City debuts new housing that is attractive, affordable
October 7, 2008
By Jon Savelle
With balloons, cookies and pizza, the newly refurbished Johnson Hill Apartments were unveiled Oct. 1 by St. Andrew’s Housing Group.
Formerly called 280 Clark, for its location at 280 S.W. Clark St., the complex of 38 affordable units sparkles with fresh paint, new fixtures, new appliances, new carpets and one entirely new building. The rents will reflect tenants’ ability to pay, depending on what fraction of the region’s median income they earn.
For example, a household earning 30 percent of median income would pay $508 per month for a two-bedroom unit. Those earning 50 percent of median would pay $822.
“The need is really huge,” said St. Andrew’s Executive Director Mike Nielsen. “Mortgage foreclosures are affecting people tremendously, especially working families. There has just been a staggering loss of homes and wealth across the country.”
In 2007, the need in Issaquah was for 1,845 affordable units, Nielsen said. He acknowledged that the Johnson Hill complex amounts to just a drop in the bucket, but said it is an important accomplishment in a very difficult real estate environment.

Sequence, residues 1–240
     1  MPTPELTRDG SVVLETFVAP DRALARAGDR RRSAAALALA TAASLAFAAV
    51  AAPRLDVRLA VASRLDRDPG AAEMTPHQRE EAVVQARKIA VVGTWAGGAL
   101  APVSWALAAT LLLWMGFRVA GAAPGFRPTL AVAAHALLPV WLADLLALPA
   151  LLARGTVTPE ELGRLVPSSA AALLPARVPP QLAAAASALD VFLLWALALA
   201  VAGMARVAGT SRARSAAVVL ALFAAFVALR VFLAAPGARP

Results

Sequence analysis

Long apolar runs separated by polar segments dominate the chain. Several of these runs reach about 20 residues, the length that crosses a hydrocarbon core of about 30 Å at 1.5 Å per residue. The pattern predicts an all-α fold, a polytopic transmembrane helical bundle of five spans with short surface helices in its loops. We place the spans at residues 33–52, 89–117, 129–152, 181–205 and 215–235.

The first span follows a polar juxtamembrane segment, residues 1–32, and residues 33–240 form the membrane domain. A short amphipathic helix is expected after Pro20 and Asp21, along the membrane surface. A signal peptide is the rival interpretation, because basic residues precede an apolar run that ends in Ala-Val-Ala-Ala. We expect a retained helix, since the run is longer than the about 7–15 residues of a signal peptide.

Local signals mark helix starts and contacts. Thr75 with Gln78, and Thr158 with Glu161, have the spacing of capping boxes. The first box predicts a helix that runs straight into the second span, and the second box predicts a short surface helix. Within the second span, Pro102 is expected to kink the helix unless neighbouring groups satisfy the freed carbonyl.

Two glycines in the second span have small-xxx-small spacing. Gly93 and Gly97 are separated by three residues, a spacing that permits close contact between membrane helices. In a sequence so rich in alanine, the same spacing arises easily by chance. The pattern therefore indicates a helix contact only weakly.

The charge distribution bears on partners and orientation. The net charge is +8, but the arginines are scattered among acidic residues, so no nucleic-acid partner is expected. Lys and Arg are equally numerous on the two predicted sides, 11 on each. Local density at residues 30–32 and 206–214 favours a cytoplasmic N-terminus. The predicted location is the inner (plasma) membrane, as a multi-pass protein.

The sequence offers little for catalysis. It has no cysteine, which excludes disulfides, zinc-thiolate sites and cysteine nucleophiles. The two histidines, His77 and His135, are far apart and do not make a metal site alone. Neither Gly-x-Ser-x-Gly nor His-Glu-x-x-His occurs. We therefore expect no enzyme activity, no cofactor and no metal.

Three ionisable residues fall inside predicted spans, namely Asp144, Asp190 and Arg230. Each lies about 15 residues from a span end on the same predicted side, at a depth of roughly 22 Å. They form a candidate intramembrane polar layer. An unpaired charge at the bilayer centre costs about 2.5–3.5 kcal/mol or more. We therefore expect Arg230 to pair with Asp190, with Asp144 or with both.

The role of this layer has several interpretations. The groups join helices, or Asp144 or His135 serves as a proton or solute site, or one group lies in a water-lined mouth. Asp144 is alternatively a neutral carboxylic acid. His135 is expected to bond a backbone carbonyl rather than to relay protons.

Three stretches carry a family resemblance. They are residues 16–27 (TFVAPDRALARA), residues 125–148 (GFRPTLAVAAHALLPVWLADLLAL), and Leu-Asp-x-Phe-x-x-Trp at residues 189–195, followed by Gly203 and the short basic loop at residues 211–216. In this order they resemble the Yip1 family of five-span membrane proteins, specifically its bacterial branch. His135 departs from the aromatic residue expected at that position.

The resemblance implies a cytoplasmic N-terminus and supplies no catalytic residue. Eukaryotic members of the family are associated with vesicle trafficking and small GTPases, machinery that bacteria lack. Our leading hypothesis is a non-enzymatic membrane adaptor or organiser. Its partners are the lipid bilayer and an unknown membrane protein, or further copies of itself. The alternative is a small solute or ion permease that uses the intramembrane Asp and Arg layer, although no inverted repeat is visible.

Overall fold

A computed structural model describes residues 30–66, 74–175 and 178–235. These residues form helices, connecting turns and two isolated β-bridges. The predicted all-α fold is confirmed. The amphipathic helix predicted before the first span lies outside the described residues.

Much credit goes to the city and to the former owner of the property, Lewis Johnson, according to Nielsen. The city has provided support for three such openings in the last two years — including the neighboring Mine Hill Apartments and Rose Crest in Talus — and Johnson worked hard to help St. Andrew’s meet its objectives.
Johnson died in May. The apartments were renamed in his honor, said St. Andrew’s development associate Marchelle Mertens.
At Johnson Hill, 32 of the original units have been refurbished. A decrepit duplex was demolished and a new building erected in its place; it contains six three-bedroom family units plus office space and a community room. The development cost was $9 million, Mertens said.
All the buildings are a bright contrast to their previous, run-down condition.
“They are really nice,” Nielsen said during a quick tour. “We don’t want to build ‘projects.’ We really want to create nice housing in nice neighborhoods, so people don’t get stigmatized.”
Many of the original tenants still live in the apartments, having stayed through construction. But because the availability of units is limited to people in certain income categories, some previous tenants who had higher incomes have had to move. Nielsen said that is a difficult issue, but St. Andrew’s did provide two years’ notice and funds for relocation to those affected.
Reach Reporter Jon Savelle at 392-6434, ext. 234, or email@example.com.